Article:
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Updated: July 12, 2023

Housing nonprofits laud creation of program to house the homeless

COURTESY / AVESTA HOUSING Huston Commons, a Housing First development that opened in 2017, is at 72 Bishop St. in Portland.

Portland nonprofits Avesta Housing and Preble Street said new state funding will have a major impact on the lives of people with chronic homelessness and complex needs.

The expansion of a program called Housing First in more communities across Maine was included in a budget package signed by Gov. Janet Mills on Tuesday.

As defined by the U.S. Department of Housing and Urban Development, Housing First is an approach to quickly connect individuals and families experiencing homelessness to permanent housing without preconditions and barriers to entry, such as sobriety, treatment or service participation requirements. The hallmark of the program is professional social work staff on site 24 hours a day providing support services, harm reduction, and crisis intervention to chronically homeless individuals to maximize housing stability and prevent returns to homelessness.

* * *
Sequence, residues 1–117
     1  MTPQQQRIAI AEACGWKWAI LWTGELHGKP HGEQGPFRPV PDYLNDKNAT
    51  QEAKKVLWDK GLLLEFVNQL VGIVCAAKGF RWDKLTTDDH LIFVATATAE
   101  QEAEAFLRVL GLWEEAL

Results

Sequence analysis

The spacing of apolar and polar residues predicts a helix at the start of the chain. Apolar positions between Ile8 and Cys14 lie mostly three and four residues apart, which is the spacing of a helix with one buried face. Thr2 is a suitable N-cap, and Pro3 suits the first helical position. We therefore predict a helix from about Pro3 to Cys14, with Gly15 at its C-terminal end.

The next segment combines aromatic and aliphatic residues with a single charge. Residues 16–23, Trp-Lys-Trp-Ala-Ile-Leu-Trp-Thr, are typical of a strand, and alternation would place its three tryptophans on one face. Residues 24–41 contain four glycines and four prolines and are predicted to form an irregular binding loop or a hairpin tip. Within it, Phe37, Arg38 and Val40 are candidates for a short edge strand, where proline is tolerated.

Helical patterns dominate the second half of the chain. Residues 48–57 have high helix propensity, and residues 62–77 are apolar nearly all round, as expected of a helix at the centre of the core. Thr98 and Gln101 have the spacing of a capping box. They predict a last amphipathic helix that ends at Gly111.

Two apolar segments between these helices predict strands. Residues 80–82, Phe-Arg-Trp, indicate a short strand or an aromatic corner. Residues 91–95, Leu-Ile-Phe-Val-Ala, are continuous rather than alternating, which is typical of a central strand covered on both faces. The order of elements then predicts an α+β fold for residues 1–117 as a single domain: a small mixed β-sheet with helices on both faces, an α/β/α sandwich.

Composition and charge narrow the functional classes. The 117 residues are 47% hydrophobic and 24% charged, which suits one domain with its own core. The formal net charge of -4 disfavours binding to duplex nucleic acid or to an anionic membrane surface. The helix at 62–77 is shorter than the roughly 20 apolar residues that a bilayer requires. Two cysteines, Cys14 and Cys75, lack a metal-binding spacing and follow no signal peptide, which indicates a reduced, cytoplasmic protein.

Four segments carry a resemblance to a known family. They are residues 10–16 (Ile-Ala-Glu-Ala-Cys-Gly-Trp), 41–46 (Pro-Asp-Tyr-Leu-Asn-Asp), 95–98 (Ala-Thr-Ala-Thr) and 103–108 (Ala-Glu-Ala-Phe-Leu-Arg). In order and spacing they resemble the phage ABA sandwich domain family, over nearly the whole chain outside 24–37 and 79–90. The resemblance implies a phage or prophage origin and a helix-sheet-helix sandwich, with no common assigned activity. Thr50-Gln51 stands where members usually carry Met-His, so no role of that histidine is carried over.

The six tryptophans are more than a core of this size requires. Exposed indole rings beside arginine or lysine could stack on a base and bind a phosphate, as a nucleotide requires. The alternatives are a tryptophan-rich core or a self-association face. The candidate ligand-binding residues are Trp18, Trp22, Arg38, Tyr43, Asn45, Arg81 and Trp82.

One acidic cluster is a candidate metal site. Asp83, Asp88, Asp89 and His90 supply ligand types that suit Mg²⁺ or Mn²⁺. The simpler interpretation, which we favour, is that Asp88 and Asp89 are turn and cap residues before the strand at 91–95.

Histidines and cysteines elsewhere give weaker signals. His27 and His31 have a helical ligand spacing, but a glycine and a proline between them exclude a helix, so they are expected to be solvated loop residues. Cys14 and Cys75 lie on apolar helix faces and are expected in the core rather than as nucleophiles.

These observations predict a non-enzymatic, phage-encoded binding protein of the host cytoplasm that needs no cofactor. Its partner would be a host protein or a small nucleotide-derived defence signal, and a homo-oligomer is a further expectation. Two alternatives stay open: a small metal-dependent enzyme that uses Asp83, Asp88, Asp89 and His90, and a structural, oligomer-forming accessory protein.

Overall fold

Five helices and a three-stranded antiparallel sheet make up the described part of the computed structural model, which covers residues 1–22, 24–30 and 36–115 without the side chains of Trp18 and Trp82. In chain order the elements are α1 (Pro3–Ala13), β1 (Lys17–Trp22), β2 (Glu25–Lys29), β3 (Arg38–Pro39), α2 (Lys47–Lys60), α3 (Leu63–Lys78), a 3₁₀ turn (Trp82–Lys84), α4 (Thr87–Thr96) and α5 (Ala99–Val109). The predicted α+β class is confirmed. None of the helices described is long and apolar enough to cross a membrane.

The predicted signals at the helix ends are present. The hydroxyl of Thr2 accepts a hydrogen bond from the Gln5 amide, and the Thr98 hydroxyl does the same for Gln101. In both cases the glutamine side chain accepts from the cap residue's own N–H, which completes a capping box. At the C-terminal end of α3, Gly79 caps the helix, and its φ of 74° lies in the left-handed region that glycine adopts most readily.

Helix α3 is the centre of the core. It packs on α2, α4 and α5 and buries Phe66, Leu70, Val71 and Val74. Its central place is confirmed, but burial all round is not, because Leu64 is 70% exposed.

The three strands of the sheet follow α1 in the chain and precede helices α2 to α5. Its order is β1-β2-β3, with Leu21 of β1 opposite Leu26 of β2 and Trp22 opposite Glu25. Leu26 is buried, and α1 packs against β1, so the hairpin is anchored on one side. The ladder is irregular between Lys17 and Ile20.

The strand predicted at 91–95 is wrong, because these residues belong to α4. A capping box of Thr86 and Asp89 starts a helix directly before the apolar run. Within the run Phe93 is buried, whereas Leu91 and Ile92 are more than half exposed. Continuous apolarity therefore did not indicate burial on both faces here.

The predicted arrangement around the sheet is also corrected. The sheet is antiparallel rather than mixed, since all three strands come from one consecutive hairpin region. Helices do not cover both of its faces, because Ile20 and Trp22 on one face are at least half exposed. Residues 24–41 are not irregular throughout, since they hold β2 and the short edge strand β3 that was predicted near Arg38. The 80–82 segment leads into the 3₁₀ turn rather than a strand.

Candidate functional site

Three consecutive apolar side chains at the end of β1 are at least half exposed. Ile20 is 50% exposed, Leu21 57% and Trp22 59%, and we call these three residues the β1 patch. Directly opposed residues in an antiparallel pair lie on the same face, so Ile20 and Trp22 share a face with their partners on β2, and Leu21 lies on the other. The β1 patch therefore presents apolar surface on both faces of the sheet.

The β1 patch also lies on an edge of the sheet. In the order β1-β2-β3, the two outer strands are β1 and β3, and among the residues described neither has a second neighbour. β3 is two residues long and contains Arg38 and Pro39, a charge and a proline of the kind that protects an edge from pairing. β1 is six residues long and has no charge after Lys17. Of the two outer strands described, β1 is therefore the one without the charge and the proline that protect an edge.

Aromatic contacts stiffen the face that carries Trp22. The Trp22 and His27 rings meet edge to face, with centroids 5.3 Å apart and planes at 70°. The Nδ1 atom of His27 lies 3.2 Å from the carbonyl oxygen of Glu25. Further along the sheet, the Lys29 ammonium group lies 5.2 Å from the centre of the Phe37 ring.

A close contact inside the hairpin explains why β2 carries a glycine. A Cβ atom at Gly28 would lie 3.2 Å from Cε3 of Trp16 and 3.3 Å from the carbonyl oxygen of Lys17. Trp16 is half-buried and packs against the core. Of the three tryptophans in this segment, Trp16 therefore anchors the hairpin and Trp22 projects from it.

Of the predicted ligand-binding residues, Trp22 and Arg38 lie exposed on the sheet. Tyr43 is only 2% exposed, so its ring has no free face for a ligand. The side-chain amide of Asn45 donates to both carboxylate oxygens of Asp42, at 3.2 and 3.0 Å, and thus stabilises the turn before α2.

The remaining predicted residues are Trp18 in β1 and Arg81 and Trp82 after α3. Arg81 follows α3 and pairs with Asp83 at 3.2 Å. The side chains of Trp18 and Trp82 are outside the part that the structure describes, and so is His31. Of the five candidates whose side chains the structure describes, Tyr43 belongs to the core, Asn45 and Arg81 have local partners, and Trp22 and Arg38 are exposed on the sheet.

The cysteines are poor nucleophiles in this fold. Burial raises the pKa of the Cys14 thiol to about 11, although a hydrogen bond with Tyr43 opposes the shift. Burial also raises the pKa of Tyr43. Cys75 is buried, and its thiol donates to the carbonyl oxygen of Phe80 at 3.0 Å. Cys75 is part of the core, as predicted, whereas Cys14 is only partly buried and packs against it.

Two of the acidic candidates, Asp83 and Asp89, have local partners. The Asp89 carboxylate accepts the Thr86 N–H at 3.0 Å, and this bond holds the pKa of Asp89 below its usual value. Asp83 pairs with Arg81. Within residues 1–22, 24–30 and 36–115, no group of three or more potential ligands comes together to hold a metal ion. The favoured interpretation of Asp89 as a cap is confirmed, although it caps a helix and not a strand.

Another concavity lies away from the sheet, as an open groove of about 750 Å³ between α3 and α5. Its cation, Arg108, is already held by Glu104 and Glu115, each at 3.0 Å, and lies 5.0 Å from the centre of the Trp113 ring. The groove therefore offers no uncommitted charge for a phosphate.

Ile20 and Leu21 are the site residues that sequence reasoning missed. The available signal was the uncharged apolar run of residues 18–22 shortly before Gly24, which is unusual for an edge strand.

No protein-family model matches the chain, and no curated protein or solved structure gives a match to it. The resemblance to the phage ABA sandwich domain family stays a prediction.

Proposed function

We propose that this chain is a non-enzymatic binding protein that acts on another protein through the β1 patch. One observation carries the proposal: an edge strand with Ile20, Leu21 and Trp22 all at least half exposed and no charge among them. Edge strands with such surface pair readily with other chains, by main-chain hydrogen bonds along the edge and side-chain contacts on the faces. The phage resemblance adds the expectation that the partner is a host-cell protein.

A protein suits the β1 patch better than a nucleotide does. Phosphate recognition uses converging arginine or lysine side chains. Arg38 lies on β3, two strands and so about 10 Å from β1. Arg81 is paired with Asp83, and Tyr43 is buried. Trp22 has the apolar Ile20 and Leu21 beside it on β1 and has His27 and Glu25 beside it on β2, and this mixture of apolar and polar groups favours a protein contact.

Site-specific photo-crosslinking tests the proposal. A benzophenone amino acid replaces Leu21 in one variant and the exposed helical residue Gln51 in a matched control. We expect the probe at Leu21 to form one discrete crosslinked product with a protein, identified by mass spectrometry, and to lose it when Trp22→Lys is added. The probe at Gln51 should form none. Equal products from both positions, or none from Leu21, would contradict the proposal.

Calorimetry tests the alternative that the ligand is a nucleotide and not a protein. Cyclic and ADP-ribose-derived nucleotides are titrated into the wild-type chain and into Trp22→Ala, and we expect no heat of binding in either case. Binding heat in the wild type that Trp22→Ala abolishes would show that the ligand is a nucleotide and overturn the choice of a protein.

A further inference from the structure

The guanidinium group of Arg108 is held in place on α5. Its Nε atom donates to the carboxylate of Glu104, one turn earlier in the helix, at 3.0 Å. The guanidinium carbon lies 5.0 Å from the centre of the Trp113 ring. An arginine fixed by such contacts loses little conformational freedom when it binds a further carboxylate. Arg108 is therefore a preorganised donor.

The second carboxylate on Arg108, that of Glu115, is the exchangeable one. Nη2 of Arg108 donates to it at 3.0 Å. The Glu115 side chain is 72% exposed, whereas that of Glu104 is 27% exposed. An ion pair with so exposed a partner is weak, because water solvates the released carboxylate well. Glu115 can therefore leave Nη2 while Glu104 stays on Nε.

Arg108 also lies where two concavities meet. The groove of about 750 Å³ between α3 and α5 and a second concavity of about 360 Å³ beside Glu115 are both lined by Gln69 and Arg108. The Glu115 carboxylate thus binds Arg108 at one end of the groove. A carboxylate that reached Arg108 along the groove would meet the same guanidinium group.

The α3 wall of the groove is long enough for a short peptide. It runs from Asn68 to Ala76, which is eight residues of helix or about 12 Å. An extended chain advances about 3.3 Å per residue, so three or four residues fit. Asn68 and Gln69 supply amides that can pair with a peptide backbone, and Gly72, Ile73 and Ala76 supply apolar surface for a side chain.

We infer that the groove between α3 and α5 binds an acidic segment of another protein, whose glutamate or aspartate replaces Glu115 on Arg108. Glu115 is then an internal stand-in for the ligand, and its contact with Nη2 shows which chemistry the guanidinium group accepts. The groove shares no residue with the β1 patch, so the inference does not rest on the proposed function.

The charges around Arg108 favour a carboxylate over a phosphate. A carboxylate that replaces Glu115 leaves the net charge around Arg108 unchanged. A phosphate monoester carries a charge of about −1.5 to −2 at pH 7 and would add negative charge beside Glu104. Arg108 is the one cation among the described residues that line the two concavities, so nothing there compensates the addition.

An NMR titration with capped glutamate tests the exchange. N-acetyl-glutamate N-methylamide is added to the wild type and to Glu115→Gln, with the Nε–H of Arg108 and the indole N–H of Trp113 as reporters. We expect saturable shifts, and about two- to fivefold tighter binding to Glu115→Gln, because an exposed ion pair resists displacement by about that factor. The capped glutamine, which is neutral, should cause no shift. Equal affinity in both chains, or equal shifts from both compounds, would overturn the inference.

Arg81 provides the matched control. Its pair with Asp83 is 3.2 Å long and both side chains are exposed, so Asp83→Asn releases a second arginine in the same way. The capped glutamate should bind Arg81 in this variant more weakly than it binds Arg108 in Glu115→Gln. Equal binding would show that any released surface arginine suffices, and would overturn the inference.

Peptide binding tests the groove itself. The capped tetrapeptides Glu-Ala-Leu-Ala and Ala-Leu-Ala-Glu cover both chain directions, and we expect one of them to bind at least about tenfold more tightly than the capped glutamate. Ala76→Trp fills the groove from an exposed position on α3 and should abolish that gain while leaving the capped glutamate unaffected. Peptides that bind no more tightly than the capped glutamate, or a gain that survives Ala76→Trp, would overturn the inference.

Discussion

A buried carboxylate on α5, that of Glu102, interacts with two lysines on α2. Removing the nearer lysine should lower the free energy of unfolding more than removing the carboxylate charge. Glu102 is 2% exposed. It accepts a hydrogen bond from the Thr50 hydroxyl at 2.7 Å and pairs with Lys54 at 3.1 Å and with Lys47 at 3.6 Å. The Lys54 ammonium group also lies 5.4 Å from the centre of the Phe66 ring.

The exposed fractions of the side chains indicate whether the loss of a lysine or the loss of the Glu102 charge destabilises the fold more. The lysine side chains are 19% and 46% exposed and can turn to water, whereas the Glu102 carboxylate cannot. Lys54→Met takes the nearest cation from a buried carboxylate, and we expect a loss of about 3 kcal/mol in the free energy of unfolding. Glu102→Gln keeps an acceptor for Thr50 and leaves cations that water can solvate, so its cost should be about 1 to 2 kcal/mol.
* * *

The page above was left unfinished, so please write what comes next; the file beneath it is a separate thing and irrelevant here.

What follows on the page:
Photo / Tim Greenway
Mark Swann, executive director, Preble Street

Avesta Housing and Preble Street partnered on the first three Housing First programs in Maine: Logan Place, Florence House and Huston Commons, providing 85 total units in Portland. 

The expanded program is expected to support the creation of 12 to 15 additional Housing First programs.  

Avesta Housing built, owns and maintains the buildings. Preble Street provides 24-hour support services to ensure that people who are making the transition to permanent independent housing will succeed. 

Avesta and Preble Street opened Logan Place, the first Housing First program in Maine, in March 2005. 

“That was the day we realized that this was a real solution to chronic homelessness,” said Preble Street Executive Director Mark Swann.

Florence House opened in 2010 and Huston Commons in 2017.

File photo
Rebecca Hatfield, president and CEO of Avesta Housing

“The lack of affordable housing and the number of people experiencing homelessness in Maine are at record proportions,” said Avesta Housing President and CEO Rebecca Hatfield. 

Since Logan Place opened, Housing First “has proven to be the most successful model to provide permanent housing stability for those who have been homeless for extended periods,” Hatfield continued. 

Besides reducing the number of people staying in shelters or living in encampments, vehicles, or on the street, Housing First is an evidence-based practice designed to save money and emergency resources. The number of police calls, emergency room visits, medical transports and jail stays for tenants of Logan Place plummeted, compared to the year before they moved into their apartments. 

The program targets people who are homeless the longest and have severe mental health and substance use disorders. 

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